SACRAMENTO, Calif. (AP) — Gov. Jerry Brown and Democratic legislative leaders said Monday they are closing in on a deal to overhaul a water bond on the November ballot, but their replacement plan still needs support from Republicans.
Both houses of the Legislature voted Monday to extend the deadline for printing voter pamphlets, and the governor signed the bill into law. That gives them another two days to reach an agreement.
"Today's legislative action provides additional time to get an acceptable water bond — one that's affordable and considers the needs of all Californians," Brown said in a statement.
The bond proposal would provide money for projects including dams, water recycling and groundwater cleanup and requires a two-thirds vote in both chambers. Democrats hold a supermajority in the 80-member Assembly but do not in the 40-member Senate, where they will need Republican support to put the replacement measure on the ballot.
"We are negotiating hard with the administration, with our Republican colleagues ... to try to get this done," said Senate President Pro Tem Darrell Steinberg, D-Sacramento.
He and Assembly Speaker Toni Atkins, D-San Diego, support a $7 billion proposal that would appear as Proposition 1 on the November ballot. That's bigger than a $6 billion plan proposed by Brown, who cautioned against increasing the state's debt, but smaller than an almost $9 billion plan backed by Republicans.
U.S. Sen. Dianne Feinstein, a Democrat known for pushing for increased water supply for farmers in Congress, came out in support of the Democratic plan and said she would campaign for it.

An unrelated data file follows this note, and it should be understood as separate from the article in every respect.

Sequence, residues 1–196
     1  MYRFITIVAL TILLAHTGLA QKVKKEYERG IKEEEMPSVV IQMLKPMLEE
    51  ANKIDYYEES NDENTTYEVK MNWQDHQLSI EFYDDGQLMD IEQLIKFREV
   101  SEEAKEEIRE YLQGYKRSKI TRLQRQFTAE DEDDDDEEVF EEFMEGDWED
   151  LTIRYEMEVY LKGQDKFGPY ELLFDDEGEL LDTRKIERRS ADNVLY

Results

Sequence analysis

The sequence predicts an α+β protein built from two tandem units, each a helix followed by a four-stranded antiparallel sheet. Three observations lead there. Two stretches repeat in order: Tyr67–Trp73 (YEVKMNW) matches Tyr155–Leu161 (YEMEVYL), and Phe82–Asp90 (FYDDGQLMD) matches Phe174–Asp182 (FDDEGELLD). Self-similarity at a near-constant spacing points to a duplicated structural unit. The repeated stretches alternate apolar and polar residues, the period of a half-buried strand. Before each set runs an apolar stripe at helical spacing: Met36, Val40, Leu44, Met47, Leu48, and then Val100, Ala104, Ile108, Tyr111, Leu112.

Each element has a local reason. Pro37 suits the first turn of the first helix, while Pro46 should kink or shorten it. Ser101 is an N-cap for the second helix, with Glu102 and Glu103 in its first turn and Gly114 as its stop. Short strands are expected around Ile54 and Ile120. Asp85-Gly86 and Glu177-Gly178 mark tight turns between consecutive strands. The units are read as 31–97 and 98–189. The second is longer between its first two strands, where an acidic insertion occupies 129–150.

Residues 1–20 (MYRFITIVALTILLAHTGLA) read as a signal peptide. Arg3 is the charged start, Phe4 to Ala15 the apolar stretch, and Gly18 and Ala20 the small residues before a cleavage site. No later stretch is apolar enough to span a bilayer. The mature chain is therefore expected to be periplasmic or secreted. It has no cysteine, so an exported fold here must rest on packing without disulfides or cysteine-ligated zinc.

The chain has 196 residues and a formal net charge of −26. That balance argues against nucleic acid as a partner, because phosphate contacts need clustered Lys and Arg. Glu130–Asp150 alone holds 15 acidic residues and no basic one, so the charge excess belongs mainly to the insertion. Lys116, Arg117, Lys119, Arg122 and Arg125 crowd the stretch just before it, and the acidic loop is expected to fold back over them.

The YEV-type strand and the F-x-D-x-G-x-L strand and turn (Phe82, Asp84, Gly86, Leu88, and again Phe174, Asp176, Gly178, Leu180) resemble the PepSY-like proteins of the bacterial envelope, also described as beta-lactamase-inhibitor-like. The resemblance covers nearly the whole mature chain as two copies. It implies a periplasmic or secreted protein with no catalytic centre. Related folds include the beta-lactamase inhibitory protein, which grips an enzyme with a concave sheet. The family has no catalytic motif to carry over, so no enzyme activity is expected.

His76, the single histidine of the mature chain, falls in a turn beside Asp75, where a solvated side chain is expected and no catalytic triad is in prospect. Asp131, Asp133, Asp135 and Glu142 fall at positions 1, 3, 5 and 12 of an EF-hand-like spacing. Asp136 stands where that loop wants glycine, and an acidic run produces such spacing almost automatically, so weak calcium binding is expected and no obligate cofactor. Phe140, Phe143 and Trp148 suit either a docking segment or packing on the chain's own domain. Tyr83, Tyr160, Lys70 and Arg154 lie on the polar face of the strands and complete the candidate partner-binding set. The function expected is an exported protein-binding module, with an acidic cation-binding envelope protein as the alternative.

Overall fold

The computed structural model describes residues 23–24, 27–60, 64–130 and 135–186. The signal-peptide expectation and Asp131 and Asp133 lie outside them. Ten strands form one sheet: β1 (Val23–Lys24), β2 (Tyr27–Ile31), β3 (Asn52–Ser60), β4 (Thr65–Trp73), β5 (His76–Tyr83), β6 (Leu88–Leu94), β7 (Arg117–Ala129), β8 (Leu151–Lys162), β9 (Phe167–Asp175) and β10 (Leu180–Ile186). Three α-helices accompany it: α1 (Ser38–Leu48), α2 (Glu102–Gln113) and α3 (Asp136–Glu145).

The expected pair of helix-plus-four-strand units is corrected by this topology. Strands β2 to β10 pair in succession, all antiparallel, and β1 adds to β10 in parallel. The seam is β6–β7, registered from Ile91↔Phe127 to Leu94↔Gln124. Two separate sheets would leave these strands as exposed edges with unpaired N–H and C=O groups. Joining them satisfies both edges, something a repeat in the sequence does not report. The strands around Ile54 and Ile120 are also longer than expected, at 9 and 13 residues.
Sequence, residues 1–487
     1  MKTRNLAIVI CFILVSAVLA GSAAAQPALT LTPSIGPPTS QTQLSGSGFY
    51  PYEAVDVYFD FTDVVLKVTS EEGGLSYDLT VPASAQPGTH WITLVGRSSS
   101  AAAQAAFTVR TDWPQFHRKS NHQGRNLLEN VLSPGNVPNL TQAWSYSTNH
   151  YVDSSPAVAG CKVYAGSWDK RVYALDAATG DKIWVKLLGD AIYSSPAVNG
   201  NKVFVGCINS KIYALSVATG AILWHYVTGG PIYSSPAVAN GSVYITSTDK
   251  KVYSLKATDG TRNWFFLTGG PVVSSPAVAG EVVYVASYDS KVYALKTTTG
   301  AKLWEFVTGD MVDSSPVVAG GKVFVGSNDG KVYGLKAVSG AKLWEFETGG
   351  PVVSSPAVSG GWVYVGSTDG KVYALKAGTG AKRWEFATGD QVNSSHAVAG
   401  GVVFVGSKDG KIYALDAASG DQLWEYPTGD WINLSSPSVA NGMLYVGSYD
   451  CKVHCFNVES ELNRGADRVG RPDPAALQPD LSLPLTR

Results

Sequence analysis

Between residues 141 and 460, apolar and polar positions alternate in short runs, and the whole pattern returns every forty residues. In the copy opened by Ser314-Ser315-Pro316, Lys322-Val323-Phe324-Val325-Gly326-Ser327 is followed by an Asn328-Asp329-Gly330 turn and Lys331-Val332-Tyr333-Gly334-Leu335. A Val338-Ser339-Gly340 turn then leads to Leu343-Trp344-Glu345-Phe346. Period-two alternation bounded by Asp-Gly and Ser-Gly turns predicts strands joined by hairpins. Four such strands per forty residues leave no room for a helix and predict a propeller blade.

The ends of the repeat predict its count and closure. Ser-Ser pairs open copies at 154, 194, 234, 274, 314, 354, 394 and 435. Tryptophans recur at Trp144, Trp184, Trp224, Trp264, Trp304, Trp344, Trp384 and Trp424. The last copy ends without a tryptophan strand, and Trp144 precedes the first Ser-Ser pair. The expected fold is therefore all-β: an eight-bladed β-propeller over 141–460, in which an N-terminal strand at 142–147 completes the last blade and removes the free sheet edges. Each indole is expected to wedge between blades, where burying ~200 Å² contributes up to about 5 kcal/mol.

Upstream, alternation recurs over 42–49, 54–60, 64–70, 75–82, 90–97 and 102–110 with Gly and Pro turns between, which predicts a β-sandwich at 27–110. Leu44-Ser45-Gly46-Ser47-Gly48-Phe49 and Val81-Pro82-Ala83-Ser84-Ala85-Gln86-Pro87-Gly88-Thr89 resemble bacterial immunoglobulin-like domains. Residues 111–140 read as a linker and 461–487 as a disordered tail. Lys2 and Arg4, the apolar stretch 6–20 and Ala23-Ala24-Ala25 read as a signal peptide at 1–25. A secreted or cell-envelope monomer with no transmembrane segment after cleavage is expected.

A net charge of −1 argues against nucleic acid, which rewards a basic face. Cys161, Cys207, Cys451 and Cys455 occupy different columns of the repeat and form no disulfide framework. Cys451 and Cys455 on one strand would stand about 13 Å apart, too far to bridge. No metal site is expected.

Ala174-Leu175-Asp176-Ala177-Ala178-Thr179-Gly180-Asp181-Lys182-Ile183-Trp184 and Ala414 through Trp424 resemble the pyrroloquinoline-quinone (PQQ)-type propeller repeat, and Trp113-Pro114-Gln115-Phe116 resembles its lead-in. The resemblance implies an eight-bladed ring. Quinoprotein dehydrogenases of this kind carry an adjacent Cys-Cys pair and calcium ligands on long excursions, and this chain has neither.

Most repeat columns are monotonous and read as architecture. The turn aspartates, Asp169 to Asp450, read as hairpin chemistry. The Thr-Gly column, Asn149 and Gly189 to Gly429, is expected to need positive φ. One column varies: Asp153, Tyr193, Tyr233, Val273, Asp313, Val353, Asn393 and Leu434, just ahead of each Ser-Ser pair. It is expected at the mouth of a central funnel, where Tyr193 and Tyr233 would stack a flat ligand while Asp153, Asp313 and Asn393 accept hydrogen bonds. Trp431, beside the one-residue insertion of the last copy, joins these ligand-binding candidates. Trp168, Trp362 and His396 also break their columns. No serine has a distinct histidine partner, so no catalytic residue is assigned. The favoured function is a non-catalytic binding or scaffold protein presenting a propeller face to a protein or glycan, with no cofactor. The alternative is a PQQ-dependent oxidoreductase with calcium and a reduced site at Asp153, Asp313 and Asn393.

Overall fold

A sticking point in the latest negotiations has been funding for water storage projects, including the proposed Sites Reservoir north of Sacramento and the Temperance Flat dam northeast of Fresno. Democrats are offering $2.5 billion in the latest package, while Republicans have demanded at least $3 billion, the amount in the current bond.
Senate Minority Leader Bob Huff, R-Diamond Bar, said he was supporting the two-day extension because he sees progress in the negotiations.
"We're not there yet," he said.
The bond also faces opposition from environmental groups and some Northern California interests, which say the Democratic proposal enables Brown's plan to build tunnels diverting water from the Sacramento-San Joaquin River Delta to Southern California and Central Valley farms.
An $11.1 billion bond negotiated in 2009 is on the ballot as Proposition 43 but is considered too costly and burdened by pet projects to pass.
Without the two-day extension, language and arguments for the potentially defunct bond would have appeared in the ballot pamphlet sent to voters. Sen. Joel Anderson, R-Alpine, was one of three lawmakers to vote against the extension in the Senate, saying it reduces the time voters have to consider all issues on the ballot.
Lawmakers have also raised concerns about how the latest bond agreement has been pushed through with minimal public hearings, private negotiations and an expedited schedule. Brown publicly released his bond plan last week after months of lawmakers wrangling.
"Where have we been and where has the administration been since January?" said Sen. Jim Nielsen, R-Gerber. "This water crisis has been around these many months."
Associated Press writer Tom Verdin contributed to this report.